The researchers identified eleven parasite species found in the two tuna species, with seven parasite types ultimately used in the analyses. They found consistent differences between geographical areas and parasite abundance, though the differences varied by parasite type and tuna species. Bigeye and yellowfin tuna had somewhat different abundances of certain parasite species among FMAs, but the overall patterns the parasites displayed were very similar. Patterns from these results indicated that the fish from outlier sites (the Solomon Islands and the Maldives) had different movement histories from the neighboring Indonesian fish. For both tuna species, the results also suggested there were specific movement patterns within the Indonesian FMAs; mainly they demonstrated there was limited movement of the fish from the Indonesian archipelago into the eastern Indian Ocean (Look at Figure 1 in the paper). There was some mixing of fish from different environments found at a few FMAs along regional borders, but these fish ultimately were faithful to their group and so otherwise moved within the same environment as other fish with similar histories. In addition, the absence of key parasites in specific fish ended up being more influential than the community composition of parasites when the movement patterns were modeled.

Bali yellowfin tuna from George’s Seafood, Queen Victoria Market, Australia. Credit: Alpha, 2013. Flickr.
A Fishery in Trouble?

An important dimension of the health of fisheries is the number of fish (or stock) found in different areas. Currently, most assessments of fish stocks are based on the idea that fish of the same species are part of the same group or population. Scientists believe that when one location within a larger geographical area is overharvested, then fish from the general population (mainly from neighboring areas) would replenish the stock of the overharvested location. However, the movement patterns inferred from these parasite data suggest fish found in certain regions are not regularly traveling to outlier areas and mixing with other groups of fish. Tuna are known to be able to travel over 800 miles per month, and so if these locations are part of the same larger population, neighboring fish populations could easily replenish overharvested areas. The lack of movement from other regions could be due to local oceanographic conditions, habitat preferences, and availability of prey resources at each site where the fish were collected. This information could help determine the rate at which specific stocks of fish would be replenished once harvested, as fish with the same movement patterns (not necessarily those in neighboring areas) are most likely to replenish those stocks. This has implications for Indonesia’s harvest strategies and policies regarding fish stocks in that area.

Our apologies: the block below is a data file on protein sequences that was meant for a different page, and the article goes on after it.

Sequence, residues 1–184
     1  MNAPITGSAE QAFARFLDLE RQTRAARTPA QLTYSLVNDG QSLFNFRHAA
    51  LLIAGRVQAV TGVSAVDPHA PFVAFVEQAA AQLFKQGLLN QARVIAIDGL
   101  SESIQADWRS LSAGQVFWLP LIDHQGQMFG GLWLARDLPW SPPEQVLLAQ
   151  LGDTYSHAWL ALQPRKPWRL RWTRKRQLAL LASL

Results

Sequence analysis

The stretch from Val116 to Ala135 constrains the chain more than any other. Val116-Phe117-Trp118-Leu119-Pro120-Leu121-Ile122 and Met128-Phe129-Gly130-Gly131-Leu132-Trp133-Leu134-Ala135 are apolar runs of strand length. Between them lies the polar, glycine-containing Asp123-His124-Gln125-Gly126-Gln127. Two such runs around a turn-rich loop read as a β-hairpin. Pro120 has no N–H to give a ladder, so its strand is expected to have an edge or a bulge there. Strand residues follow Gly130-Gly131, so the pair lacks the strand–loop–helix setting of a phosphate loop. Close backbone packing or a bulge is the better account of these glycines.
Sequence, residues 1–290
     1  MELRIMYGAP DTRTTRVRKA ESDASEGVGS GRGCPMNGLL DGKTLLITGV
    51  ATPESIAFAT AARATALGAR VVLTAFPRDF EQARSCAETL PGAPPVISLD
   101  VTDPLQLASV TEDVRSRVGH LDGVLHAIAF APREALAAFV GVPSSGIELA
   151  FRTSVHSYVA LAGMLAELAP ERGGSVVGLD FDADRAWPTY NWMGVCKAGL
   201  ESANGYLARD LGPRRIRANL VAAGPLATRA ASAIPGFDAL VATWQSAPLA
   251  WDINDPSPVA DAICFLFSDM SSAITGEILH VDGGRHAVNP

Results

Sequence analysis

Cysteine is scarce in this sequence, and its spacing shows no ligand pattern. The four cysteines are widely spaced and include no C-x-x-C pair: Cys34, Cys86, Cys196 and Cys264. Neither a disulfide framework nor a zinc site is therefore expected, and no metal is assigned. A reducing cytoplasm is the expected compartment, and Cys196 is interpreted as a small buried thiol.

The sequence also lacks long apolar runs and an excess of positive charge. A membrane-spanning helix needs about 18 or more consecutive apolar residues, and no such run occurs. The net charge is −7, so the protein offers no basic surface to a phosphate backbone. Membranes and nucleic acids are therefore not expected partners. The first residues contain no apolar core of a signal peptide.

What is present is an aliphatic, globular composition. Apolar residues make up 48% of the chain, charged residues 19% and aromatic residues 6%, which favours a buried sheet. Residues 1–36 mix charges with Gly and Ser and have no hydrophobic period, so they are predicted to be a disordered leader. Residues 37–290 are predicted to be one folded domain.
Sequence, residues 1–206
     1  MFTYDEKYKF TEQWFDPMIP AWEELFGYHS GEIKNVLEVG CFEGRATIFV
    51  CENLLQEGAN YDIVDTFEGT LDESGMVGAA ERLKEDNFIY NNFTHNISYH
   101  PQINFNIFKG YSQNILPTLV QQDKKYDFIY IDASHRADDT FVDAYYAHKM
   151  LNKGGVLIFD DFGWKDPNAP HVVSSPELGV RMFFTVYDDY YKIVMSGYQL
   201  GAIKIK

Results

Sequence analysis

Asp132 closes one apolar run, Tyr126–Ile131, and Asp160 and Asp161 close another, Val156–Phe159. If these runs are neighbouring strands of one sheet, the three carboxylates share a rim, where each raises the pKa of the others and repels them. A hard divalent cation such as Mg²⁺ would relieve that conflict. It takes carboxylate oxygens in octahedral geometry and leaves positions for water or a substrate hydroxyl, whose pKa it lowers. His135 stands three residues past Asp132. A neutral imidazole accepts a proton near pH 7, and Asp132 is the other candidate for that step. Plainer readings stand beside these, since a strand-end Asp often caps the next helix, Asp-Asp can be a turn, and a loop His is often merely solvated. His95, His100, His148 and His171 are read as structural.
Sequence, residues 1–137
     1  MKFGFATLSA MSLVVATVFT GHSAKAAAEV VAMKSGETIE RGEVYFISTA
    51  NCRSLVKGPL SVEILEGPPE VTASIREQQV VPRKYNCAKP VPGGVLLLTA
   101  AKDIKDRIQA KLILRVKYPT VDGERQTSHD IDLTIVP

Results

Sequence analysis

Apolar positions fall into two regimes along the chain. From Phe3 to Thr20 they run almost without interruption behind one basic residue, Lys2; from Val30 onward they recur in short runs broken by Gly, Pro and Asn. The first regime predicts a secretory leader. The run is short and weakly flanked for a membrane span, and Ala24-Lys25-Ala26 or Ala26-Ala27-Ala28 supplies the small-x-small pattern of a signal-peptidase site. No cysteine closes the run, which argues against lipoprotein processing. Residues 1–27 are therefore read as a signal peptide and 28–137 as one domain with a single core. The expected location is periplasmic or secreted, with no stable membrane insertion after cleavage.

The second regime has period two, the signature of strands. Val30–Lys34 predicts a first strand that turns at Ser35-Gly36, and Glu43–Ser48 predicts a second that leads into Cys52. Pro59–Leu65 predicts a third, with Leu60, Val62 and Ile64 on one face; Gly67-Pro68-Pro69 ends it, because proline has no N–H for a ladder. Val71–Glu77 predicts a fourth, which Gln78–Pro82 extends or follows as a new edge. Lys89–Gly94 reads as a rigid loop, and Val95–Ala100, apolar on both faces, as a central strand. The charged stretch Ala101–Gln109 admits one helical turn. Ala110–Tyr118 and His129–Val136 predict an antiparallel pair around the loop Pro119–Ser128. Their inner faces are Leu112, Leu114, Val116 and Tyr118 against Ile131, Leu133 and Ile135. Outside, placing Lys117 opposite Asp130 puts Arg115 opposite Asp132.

The Future of Fish Parasites

Though often unwanted visitors, parasites in fish and other organisms can be extremely helpful when used as biological tools to examine their host’s biology. For fish, this technique of using parasites to determine movement patterns is becoming an important way to gather more information about fish stocks in particular, which is crucial for communities all over the world. By combining the data from fish parasites with other types of data like otolith (fish ear bone) chemistry, tagging data, and genetic approaches, governments and agencies can develop appropriate management strategies for the tuna species in this paper, as well as for other fish. If you want to know more about how parasites are being used in a range of biological and conservation applications to further scientific knowledge, check out this review paper on the use of parasites as conservation tools.

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Jessica Espinosa

Jessica Espinosa

Hi! My name is Jessica Espinosa and I am a PhD student at UConn in the Ecology and Evolutionary Biology Department interested in the bird conservation. I received my masters degree in Conservation Biology from Columbia University where my thesis focused on the effects of coastal pollution on the behavior and morphology of hermit crabs in Fiji. I am also a Mount Holyoke College and City Year Alum. In my free time, I enjoy reading, writing, hiking, doing martial arts, and playing music.